It's just a preference though, and it works for me. New vehicles are great, and having the option of extended warranties and used certified vehicles works well for a lot of people.

Is your mechanic willing to take a look at your truck and give you a written estimate? Of course there's always the unexpected, buit sounds like you already have a lot invested in your truck,and it will be hard to recoup that money if you try to trade it in needing tires/gas tank/power steering. You would be better off selling outright. If you do decide to keep it, and need tires I highly recommend General Grabber AT2's. Really GREAT cheap truck tire. We have a lot of snow and mud in our area and these tires have not dissapointed in my many treks in bad weather. A little on the noisy side highway, but it's not a wimpy continental. Very similar tread to the BF Goodrich Traction T/A's. I bought them off a friends suggestion, and am happy I did.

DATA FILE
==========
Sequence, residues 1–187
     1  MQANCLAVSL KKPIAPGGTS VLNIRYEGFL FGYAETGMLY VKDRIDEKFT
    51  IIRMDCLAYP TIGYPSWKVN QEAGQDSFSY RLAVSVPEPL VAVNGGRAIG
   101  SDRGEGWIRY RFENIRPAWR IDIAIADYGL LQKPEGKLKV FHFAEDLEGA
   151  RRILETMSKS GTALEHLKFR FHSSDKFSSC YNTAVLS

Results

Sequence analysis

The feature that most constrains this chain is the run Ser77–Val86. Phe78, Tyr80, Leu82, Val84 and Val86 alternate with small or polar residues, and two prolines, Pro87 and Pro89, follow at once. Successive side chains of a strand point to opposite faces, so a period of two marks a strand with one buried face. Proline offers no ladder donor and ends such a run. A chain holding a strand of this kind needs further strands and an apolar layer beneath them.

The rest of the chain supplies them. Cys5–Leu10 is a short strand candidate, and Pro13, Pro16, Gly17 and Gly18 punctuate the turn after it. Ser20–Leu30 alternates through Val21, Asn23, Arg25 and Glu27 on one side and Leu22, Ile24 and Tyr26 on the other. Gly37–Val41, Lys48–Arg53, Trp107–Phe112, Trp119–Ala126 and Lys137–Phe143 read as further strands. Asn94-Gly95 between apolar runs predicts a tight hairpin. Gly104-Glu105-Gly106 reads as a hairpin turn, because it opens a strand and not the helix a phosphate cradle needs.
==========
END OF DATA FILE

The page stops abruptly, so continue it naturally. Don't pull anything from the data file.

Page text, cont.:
With whatever you decide, happy motoring...:D

pintopiaffe
Nov. 26, 2009, 05:10 AM
Good point about the newer vehs & computers.

I trust my mechanicgod implicitly. When I lost my job in July and before I got the extra PT job, I needed hub assemblies on the GMC. I just couldn't swing it. He'd just replaced the front Ujoints, and I was at rock bottom. It seems that some parts mysteriously appeared, and I KNOW he did not even charge me full labor. :sadsmile: He rocks, and I trust him. He usually quotes high--and he did pad the quote UP a little (and told me that) to take into account gaskets/brackets/hangers etc. that tend to be the issue with this truck....

Body is great except for over the wheelwells. If I keep it, beyond structural soundness, I would love to get that worked on because it really is a *pretty* truck. ;)

Thanks for the tire recs! I haven't had great luck with tires on it, tend to get around 45k on the ones I've been getting. I'm hard on vehicles...

And as far as road noise... the older vehicles are so much louder anyway, I'm not sure I'd notice!